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Oregon Minor Child Personal Injury Claims

Was your child injured in a motor vehicle accident or as a result of someone’s negligence?

Clark Law and Associates handles cases in which minor children are injured as a result of someone’s negligence, including situations involving:

Who hires a lawyer for a child in a personal injury claim?
Unless the minor is emancipated, a parent or legal guardian signs a fee agreement on behalf of a minor child for a personal injury case.

Who is the Plaintiff in a child’s personal injury claim?
In order to file a lawsuit, the child must be appointed a guardian ad litem approved by the court. This is usually one of the child’s parents or guardians who preferably has a clean criminal record and no recent bankruptcy filing.

When there is a settlement or award in the child’s case, how is the money distributed?
The money is distributed as follows:

  • Attorney’s fees and expenses. If someone other than the attorney advanced litigation costs, then these are usually reimbursed to the person who advanced the litigation costs.
  • Governmental or insurance liens for medical bills paid in relation to the case.
  • Unpaid case-related medical bills are paid. Or, if someone other than a governmental agency or insurance company paid the child’s medical bills in relation to the case, such as the parent, then this person is reimbursed out of the settlement.
  • The minor child gets what is left after all of the above are paid as compensation for his/her non-economic damages, which includes pain, suffering and inconvenience.

Who receives the child’s money? The child should receive money for his/her non-economic damages. Clark Law & Associates, LLC follows all legal requirements for distribution of a minor’s funds under Oregon law. The applicable statue for Oregon law is ORS 125. The purpose of the statute is to require that the funds be protected until the minor child’s 18th birthday.

What is the statute of limitations for an Oregon child personal injury claim?
To be on the safe side, all Oregon personal injury claims should be filed within two years of the incident. If a parent has paid incident-related medical bills on behalf of a child, then a lawsuit for reimbursement of the medical bills should be filed within two years of the incident. ORS 12.160 allows for some leeway in the statute of limitations for a minor child. The time for filing a lawsuit may not be extended more than five years or for more than one year after the minor child turns 18 years of age, whichever occurs first.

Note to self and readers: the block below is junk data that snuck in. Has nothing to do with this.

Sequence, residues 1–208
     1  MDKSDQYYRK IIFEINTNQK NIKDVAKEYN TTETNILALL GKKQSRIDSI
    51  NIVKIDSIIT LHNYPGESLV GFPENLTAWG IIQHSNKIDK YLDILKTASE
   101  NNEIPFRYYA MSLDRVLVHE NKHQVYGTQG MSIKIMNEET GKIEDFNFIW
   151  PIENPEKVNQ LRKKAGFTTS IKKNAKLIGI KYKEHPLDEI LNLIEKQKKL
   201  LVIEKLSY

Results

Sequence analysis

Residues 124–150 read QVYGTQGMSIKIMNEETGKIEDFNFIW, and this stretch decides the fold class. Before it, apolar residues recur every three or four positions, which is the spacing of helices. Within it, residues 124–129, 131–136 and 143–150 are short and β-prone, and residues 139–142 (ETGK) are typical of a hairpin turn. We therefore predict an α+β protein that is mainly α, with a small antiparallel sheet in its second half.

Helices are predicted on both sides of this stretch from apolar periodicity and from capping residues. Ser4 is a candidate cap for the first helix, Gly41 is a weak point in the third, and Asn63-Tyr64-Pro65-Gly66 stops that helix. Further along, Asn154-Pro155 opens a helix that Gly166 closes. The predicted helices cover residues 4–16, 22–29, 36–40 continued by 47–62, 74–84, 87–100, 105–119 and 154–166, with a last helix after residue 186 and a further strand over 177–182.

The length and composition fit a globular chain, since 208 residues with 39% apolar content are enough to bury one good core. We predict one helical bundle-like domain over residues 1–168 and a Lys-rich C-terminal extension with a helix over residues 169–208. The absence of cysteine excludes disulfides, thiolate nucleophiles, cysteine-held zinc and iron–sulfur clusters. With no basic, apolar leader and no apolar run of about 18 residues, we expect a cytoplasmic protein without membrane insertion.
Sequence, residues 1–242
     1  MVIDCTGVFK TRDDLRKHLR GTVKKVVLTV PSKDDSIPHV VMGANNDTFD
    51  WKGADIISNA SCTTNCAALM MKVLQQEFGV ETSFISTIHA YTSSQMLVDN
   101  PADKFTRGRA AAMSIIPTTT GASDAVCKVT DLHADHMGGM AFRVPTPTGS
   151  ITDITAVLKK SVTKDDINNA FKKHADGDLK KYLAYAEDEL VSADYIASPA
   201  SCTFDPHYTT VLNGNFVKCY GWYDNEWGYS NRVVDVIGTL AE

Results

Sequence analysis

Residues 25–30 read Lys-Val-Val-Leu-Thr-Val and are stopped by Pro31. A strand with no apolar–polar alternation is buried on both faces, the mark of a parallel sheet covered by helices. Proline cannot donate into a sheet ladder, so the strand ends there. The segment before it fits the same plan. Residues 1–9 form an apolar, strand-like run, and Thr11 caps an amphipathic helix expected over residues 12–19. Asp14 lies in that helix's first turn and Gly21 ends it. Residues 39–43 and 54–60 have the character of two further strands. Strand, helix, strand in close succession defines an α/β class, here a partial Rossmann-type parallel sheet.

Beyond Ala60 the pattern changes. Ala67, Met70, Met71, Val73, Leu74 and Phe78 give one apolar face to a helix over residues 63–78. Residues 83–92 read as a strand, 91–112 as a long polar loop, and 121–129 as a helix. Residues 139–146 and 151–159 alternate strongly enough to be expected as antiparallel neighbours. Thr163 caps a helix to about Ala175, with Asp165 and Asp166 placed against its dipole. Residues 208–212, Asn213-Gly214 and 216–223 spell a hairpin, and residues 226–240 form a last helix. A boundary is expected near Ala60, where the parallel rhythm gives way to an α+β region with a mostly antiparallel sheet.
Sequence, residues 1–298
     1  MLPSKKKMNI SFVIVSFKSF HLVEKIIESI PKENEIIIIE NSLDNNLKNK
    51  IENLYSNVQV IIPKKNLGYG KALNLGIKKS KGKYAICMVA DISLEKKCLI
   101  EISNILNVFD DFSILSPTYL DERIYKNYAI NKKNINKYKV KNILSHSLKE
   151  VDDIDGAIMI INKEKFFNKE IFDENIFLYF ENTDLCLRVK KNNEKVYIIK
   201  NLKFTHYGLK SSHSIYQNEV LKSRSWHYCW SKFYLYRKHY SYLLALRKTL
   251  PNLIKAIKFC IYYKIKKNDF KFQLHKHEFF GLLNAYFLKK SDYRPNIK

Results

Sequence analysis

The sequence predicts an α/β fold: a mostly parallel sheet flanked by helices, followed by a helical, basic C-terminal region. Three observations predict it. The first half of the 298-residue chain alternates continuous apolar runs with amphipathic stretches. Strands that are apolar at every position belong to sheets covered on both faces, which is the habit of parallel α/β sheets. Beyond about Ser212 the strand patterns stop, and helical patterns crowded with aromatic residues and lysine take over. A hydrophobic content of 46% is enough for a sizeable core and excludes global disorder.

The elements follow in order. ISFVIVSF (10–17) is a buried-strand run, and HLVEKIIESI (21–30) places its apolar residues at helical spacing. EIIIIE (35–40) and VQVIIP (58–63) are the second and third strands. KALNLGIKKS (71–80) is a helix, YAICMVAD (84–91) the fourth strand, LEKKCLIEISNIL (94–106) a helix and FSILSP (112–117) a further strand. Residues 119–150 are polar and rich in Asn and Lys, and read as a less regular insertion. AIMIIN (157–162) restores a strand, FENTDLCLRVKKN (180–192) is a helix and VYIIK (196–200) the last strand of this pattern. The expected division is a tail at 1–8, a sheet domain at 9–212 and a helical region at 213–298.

How soon do I need to contact an attorney for my child’s personal injury claim? It is important to seek legal help as early as possible for your child’s injury claim. Not only do you want to make sure that your child’s incident-related bills are paid, you want your child’s financial future to be secured with any non-economic damages that the child deserves. If a doctor states that your child will have future incident-related medical bills, your child will need compensation. Prior to filing a lawsuit, medical records and bills and other evidence must be gathered. Advance notice to the at-fault party should also be given. Many cases can be settled without the need for a lawsuit, so long as the case is settled before the statute of limitations.

Call (503) 238-1010 for a free initial phone consultation.

Disclaimer: Legal information on this site may not be timely updated. Any information on this sit is not a substitute for an attorney to analyze the law in relation to your case.